What is perhaps most interesting about the PAS9980 consultation is the direction of travel which it perhaps points to.  The draft PAS9980 recognises that any FRAA will inevitably be, to a large degree, subjective because definitive fire performance of an actual external wall build up can only be determined by a large-scale test.  The methodology therefore adopted in PAS9980 assumes that a risk-based approach is acceptable to all relevant interested parties, rather than an approach which judges existing buildings against strict compliance with guidance in the current version of Approved Document B (which is likely to contain significantly stricter rules than may have existed at the time the building was constructed).

The BSI’s justification for adopting this approach is that, despite numerous historical fires involving external spread of fire from one apartment to other apartments within a block (many of which are listed in PAS9980), it is only the Grenfell Fire that resulted in any loss of life beyond occupants in the apartment where the fire began.  Additionally, the document notes that in the year 2019/20, of 7,500 fires in purpose-built blocks of flats in England, only 16 (0.2%) resulted in the need to evacuate more than 5 people.   Thankfully, fires of the magnitude of that at Grenfell Tower are extremely rare.

Against that background, PAS9980 aims to assist in making comparisons and assessing the relative risks of different types of materials, components, systems and configurations of external wall constructions.  As the PAS says, the determination of absolute levels of safety are simply not possible at the time of publication of this document, because insufficient real-life data is available.  Accordingly, the stated aims of PAS9980 include:-

  • To provide fire engineers with a standard methodology for appraising and assessing the scope for, and risk from, fire spread via external wall construction and cladding, such that the outcome can be used to inform a building’s fire risk assessment;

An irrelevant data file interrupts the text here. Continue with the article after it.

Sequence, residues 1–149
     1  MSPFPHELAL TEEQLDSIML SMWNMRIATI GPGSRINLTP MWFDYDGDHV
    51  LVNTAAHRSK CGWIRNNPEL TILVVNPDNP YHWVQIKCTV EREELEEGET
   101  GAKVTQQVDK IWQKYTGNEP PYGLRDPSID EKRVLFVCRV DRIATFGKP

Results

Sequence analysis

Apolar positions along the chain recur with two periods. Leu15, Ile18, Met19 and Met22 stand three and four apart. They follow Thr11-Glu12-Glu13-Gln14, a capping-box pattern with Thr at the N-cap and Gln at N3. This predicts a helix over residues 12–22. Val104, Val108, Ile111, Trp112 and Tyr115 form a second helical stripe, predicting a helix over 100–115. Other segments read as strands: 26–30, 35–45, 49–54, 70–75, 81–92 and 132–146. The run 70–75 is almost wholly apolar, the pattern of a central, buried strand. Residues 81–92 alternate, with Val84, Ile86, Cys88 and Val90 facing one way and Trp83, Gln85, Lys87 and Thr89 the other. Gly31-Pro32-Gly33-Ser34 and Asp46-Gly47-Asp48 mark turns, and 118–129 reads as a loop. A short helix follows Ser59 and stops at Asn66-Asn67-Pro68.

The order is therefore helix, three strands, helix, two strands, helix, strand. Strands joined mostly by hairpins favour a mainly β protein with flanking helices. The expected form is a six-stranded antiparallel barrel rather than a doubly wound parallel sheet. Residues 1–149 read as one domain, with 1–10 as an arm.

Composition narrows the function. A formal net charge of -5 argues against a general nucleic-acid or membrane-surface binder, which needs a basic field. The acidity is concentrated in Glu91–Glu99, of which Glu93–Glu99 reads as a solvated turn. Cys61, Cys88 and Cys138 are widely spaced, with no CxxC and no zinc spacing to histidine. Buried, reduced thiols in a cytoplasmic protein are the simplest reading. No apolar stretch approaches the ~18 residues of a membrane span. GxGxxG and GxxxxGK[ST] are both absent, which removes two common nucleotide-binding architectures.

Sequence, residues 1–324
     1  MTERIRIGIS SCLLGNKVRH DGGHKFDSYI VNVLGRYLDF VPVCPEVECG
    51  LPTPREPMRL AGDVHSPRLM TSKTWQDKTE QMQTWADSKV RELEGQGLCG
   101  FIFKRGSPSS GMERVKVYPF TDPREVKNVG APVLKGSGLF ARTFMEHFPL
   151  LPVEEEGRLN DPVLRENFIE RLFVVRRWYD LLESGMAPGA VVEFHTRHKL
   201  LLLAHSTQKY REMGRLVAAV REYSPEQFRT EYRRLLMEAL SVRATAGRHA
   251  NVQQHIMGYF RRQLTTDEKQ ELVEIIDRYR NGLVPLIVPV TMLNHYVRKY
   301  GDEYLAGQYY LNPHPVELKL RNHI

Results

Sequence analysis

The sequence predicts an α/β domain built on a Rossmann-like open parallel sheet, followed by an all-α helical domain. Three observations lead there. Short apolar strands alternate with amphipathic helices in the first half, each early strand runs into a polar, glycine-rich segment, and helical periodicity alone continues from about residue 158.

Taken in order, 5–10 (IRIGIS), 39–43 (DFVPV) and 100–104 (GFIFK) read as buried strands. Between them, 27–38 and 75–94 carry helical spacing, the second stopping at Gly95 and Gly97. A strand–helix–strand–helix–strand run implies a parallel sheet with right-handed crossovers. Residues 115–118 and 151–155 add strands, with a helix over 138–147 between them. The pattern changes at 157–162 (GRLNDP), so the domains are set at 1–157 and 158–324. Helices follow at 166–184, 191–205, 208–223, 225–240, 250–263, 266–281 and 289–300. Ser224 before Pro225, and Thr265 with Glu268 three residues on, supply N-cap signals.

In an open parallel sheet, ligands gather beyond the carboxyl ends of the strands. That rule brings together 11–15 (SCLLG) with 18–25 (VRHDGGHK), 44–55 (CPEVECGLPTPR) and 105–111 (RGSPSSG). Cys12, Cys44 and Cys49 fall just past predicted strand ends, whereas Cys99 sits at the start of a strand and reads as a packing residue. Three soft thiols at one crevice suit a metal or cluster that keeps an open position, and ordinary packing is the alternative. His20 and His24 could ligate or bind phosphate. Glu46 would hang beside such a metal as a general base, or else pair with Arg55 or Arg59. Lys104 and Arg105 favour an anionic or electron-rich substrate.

• To enable recipients of an FRAA to understand the process and methodology applied and to interpret the findings;
  • To assist non specialists reviewing an FRAA to understand the risk of external fire spread in the context of a building’s overall fire strategy and fire safety arrangements;
  • To enable common relevant terminology to be adopted by all who carry out FRAAs and to promote consistency in them and a pragmatic and risk-proportionate approach to them;
  • To enable consistent training in carrying out FRAAs and thus facilitate more entrants into the profession; and
  • To satisfy professional indemnity insurers that there is a national standard underpinning consistency in the carrying out of FRAAs.

Much of what is contained in the draft PAS9980 is technical fire safety advice and guidance, beyond the scope of this article.  Anyone with relevant experience in that field is recommended to log onto the BSI website and take part in the consultation, which is open until 20 May 2021.

For the rest of us, the BSI’s involvement in this important area is to be welcomed and it is to be hoped that the BSI’s involvement in this important area will promote a proportionate and consistent approach amongst building owners, leaseholders and insurers, such that everybody involved in this difficult area is provided with a considerably greater degree of certainty than currently exists.

Following the consultation, the BSI’s aim is to publish the final version of PAS9980 in September 2021.